CNS Dopamine Receptors

  • Ian Creese
  • Mark W. Hamblin
  • Stuart E. Leff
  • David R. Sibley
Part of the Handbook of Psychopharmacology book series (HBKPS)


The past 20 years has seen our appreciation of the function of dopamine in the brain elevated from that of a precursor for other catecholamines, principally norepinephrine, to a neurotransmitter in its own right. The association of disturbances of dopaminergic neurotransmission with neurological and psychiatric disorders has further emphasized the crucial role of this neurotransmitter in normal brain functioning and stimulated much basic research into dopaminergic neurotransmission. Dopaminergic agonists with the ability to cross the blood-brain barrier now have a firmly established role in the treatment of Parkinson’s disease, and may be of value in the therapy of tardive dyskinesia. Dopaminergic antagonists have a longer history in the treatment of schizophrenia, Huntington’s disease, and Gilles de la Tourette’s syndrome. This pharmacological arsenal, available because of the pharmaceutical industries’ search for better therapeutic agents, also provides the major tools for experimental approaches. Both agonists and antagonists are available from diverse structural groups. Some exist as stereo or geometric isomers which differ markedly in their ability to interact with dopaminergic systems.


Dopamine Receptor Adenylate Cyclase Dopamine Agonist Guanine Nucleotide Adenylate Cyclase Activity 
These keywords were added by machine and not by the authors. This process is experimental and the keywords may be updated as the learning algorithm improves.


Unable to display preview. Download preview PDF.

Unable to display preview. Download preview PDF.


  1. Aghajanian, G. K., and Bunney, B. S., 1973, Central Dopaminergic Neurons: neurophysiological identification and responses to drugs, in: Frontiers in Catecholamine Research ( S. H. Snyder and E. Usdin, eds.), pp. 643–648, Pergamon Press, New York.Google Scholar
  2. Aghajanian, G. K., and Bunney, B. S., 1977, Dopamine “Autoreceptors”: pharmacological characterization by microiontophoretic single cell recording studies, Naunyn-Schmiedeberg’s Arch. Pharmacol 297: 1–7.PubMedCrossRefGoogle Scholar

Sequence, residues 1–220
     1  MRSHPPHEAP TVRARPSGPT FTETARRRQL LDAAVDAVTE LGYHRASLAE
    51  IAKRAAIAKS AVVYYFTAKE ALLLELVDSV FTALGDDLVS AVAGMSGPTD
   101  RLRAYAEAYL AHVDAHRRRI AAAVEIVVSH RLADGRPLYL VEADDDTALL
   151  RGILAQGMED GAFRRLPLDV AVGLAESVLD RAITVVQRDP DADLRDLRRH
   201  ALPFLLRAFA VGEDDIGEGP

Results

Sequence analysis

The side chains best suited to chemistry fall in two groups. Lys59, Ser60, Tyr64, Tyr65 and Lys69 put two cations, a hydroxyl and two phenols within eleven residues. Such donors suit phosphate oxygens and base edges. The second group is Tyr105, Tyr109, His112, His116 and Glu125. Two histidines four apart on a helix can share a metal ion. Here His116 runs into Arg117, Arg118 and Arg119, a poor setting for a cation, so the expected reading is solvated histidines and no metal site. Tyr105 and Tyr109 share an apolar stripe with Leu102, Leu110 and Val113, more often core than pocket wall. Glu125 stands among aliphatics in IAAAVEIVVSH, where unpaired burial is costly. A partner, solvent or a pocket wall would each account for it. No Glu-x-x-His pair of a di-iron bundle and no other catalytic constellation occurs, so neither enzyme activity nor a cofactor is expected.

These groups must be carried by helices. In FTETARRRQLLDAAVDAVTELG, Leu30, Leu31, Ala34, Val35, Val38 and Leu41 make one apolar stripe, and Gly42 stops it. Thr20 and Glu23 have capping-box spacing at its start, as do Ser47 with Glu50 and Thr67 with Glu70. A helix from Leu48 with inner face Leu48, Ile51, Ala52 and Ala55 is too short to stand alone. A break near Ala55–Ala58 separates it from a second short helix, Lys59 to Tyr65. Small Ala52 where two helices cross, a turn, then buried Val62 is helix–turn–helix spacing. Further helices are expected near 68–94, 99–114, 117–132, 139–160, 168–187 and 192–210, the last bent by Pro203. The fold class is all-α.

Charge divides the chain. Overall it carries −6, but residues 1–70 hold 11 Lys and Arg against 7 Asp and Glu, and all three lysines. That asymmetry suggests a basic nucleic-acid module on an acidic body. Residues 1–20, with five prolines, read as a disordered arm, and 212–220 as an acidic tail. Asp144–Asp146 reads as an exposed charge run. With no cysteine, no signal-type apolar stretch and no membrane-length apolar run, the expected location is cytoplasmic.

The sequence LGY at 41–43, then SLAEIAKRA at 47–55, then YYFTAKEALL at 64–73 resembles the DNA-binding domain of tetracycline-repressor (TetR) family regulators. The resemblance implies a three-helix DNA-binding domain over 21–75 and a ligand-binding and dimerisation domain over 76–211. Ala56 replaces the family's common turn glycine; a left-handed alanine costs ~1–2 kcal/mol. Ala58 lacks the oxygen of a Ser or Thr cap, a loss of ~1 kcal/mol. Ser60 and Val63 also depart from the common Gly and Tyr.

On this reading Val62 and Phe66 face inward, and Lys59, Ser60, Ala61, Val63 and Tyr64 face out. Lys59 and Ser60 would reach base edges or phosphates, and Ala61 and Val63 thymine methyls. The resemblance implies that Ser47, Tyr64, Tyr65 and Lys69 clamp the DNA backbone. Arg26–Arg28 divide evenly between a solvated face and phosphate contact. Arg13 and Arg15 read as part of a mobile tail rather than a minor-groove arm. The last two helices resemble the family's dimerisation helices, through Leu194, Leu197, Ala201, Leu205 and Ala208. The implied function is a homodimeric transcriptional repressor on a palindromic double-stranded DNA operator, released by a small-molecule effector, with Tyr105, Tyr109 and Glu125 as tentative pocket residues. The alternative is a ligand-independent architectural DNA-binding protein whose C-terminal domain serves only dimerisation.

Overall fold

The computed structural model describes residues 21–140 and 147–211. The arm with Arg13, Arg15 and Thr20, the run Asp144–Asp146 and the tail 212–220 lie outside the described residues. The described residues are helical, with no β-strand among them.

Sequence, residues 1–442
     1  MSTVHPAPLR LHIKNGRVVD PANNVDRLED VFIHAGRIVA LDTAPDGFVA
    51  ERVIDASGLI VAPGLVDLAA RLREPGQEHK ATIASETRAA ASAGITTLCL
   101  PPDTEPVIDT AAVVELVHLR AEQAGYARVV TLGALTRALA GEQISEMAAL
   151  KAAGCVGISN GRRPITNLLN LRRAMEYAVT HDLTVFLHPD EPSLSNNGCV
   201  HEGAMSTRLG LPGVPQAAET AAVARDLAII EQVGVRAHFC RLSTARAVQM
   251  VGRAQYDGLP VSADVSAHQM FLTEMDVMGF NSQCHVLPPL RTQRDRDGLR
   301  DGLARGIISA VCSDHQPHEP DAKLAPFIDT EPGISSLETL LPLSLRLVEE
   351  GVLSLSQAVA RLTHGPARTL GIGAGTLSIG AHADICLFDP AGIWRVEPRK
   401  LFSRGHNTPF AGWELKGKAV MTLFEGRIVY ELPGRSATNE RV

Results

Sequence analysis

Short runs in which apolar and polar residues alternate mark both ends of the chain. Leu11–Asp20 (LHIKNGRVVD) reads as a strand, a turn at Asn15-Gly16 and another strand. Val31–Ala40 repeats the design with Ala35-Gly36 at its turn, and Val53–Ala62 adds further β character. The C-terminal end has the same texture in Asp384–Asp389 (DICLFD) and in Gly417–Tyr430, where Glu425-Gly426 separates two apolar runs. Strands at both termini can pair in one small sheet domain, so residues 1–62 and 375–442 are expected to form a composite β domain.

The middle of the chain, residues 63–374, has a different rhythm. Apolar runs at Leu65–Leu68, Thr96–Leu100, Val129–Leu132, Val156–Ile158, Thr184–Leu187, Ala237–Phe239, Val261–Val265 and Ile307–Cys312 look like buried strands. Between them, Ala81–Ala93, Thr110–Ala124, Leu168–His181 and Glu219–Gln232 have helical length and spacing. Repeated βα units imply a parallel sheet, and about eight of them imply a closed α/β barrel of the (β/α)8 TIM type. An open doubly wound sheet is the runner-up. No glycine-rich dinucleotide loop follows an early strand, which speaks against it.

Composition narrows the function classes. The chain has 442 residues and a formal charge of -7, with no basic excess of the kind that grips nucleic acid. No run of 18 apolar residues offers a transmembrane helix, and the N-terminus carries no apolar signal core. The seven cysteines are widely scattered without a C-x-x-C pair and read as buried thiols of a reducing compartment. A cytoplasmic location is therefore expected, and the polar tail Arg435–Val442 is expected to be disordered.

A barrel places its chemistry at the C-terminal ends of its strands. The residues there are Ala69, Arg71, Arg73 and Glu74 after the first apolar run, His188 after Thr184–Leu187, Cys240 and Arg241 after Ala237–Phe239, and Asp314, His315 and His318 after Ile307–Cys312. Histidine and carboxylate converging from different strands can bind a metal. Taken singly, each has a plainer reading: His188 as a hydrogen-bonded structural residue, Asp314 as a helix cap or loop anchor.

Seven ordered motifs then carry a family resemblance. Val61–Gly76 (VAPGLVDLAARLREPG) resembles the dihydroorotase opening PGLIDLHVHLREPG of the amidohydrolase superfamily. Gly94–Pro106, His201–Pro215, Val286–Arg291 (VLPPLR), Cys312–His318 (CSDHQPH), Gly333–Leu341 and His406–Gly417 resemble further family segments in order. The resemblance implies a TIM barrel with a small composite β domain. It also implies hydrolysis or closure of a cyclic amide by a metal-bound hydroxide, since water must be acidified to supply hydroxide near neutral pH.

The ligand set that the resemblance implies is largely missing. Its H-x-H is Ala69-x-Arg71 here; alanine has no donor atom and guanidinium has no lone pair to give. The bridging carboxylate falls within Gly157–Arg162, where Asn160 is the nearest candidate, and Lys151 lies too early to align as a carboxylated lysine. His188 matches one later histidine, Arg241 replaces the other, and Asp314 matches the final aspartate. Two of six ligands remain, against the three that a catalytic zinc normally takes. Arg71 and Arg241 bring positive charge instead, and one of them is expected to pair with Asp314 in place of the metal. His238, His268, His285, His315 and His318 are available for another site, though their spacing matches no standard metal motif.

3. Ahn, H. M., Gardner, E., and Makman, M. H., 1979, Anterior Pituitary Adenylate Cyclase: stimulation by dopamine and other monoamines, Eur. J. Pharmacol. 53: 313–317.PubMedCrossRefGoogle Scholar
  4. Annunziato, L., Quattrone, A., Schettini, G., and Direnzo, G., 1980, Supersensitivity Of Pituitary Dopamine Receptors Involved In The Inhibition Of Prolactin Secretion, Adv. Biochem. Psychopharmacol. 24: 379–385.PubMedGoogle Scholar
  5. Attie M. F., Brown, E. M., Gardner, D. G., Spiegel, A. M., and Aurbach, G. D., 1980, Characterization Of Dopamine-Responsive Adenylate Cyclase Of Bovine Parathyroid Cells and Its Relationship To Parathyroid Hormone Secretion, Endocrinology 107: 1776–1781.PubMedCrossRefGoogle Scholar
  6. Bacopoulos, N. B., 1981, Acute Changes In The State Of Dopamine Receptors: in vitro monitoring with [3H]dopamine, Life Sci. 29: 2407–2414.PubMedCrossRefGoogle Scholar
  7. Baldessarini, R. J., and Tarsy, D., 1979, Relationship Of The Actions Of Neuroleptic Drugs To The Pathophysiology Of Tardive Dyskinesia, Int. Rev. Neurobiol. 21: 1–45.PubMedCrossRefGoogle Scholar
  8. Baldessarini, R. J., Kula, N. S., Arana, G. W., Neumeyer, J. L., and Law, S. J., 1980, Chloroethylnorapomorphine, A Proposed Long-Acting Dopamine Antagonist: interactions with dopamine receptors of mammalian forebrain in vitro, Eur. J. Pharmacol. 67: 105–110.PubMedCrossRefGoogle Scholar
  9. Bannon, M. J., Bunney, E. B., Zigun, J. R., Skirboll, L. R., and Roth, R. H., 1980, Presynaptic Dopamine Receptors: insensitivity to kainic acid and the development supersensitivity following chronic haloperidol, Naunyn-Schmiedeberg’s Arch. Pharmacol 312: 161–165.PubMedCrossRefGoogle Scholar
  10. Bannon, M. J., Grace, A. A., Bunney, B. S., and Roth, R. H., 19806, Evidence For An Irreversible Interaction Of Bromocryptine With Central Dopamine Receptors, Naunyn- Schmiedeberg’s Arch. Pharmacol. 312: 37 — 42.Google Scholar
  11. Baudry, M., Martres, M. P., and Schwartz, J. C., 1979, [3H]Domperidone: a selective ligand for dopamine receptors, Naunyn-Schmiedeberg’s Arch. Pharmacol. 308: 231–237.Google Scholar
  12. Beckstead, R. M., Domesick, V. B., and Nauta, W.J. H., 1979, Efferent Connections Of The Substantia Nigra and Ventral Tegmental Area In The Rat, Brain Res. 175: 191–217.PubMedCrossRefGoogle Scholar